“ I work shifts, so my sleep pattern is pretty erratic, but when I feel a gloom settling, I know I need to prioritise sleep and exercise. I also make a real effort to eat well, because my diet can too easily become a routine of coffee, snacks and takeaways. Not exactly brain food.
“Stress is inevitable and I try to use it to my advantage during the working day. It helps me hit deadlines and sharpens up my performance. But it stops being helpful when it ramps up to anxiety, which can happen when my mind, or my life, gets too busy.
“I try to get out of my head and into my body, doing something that focuses my attention and absorbs me, like sketching, cleaning, cooking, ironing, dancing, walking or running. I come back to my life with an altered perspective and, often, with solutions to problems that seemed intractable.”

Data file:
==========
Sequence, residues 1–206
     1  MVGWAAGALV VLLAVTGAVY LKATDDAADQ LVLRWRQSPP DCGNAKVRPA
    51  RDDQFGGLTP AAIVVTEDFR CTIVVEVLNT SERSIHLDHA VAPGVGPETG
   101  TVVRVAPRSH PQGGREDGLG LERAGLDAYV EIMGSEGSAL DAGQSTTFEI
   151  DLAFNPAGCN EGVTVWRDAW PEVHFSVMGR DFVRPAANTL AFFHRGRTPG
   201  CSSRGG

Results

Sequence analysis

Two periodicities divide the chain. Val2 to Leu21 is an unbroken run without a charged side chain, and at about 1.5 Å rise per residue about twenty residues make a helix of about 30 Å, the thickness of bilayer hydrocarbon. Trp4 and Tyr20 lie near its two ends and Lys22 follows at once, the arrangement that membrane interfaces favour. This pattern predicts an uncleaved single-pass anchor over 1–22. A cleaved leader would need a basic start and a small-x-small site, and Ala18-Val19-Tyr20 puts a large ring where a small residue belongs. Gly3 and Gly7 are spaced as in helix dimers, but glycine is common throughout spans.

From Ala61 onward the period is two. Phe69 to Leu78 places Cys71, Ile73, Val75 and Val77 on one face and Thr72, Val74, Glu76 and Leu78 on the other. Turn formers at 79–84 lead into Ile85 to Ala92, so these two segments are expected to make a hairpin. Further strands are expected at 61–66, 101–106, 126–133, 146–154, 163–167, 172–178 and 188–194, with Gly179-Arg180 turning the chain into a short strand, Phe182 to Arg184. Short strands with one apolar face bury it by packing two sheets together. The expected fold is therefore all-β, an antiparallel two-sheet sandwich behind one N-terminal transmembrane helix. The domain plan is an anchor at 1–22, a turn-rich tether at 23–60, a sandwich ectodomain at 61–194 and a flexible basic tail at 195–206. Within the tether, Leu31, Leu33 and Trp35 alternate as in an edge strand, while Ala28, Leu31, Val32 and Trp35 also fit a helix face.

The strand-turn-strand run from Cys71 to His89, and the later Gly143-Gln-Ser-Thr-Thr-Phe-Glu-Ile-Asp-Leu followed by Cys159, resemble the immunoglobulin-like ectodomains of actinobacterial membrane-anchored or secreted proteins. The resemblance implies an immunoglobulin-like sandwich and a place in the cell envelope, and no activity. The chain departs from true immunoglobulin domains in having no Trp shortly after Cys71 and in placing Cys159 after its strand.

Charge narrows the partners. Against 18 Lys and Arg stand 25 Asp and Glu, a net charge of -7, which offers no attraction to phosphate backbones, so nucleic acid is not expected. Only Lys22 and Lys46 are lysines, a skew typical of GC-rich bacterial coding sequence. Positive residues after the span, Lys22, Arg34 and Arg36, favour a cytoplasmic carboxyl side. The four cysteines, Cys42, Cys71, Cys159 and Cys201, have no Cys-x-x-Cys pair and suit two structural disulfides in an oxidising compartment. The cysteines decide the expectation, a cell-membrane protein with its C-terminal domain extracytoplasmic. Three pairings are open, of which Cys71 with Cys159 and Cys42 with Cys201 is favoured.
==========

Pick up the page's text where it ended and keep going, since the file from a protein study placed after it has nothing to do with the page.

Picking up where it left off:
Geri Maye (41), who is married, is a former Winning Streak presenter and is in talks with RTÈ about a new slot.
She lost six loved ones in 21 months, a year and a half ago. “That was mind-numbing, but the loss of both of my parents, in my 30s, has been beyond words and emotion. When you love deeply, you wound incredibly deeply, too. Nobody tells you that.
“Stress doesn’t come from a studio or being ‘on air’. I adore that aspect. It comes from the company and its politics.
“To try and combat stress, I have done a course in mindfulness, which I found helpful. I believe getting out of the past is always beneficial. Acupuncture is another invaluable practice as stress, for me, can have physical manifestations.
“But my main escape is a good, long run and reading inspirational, powerful writers. It’s a toss between my head and legs moving at any one time.”
‘Upbeat On Air’,October 6-10 on 99.5FM; and at www.upbeat.ie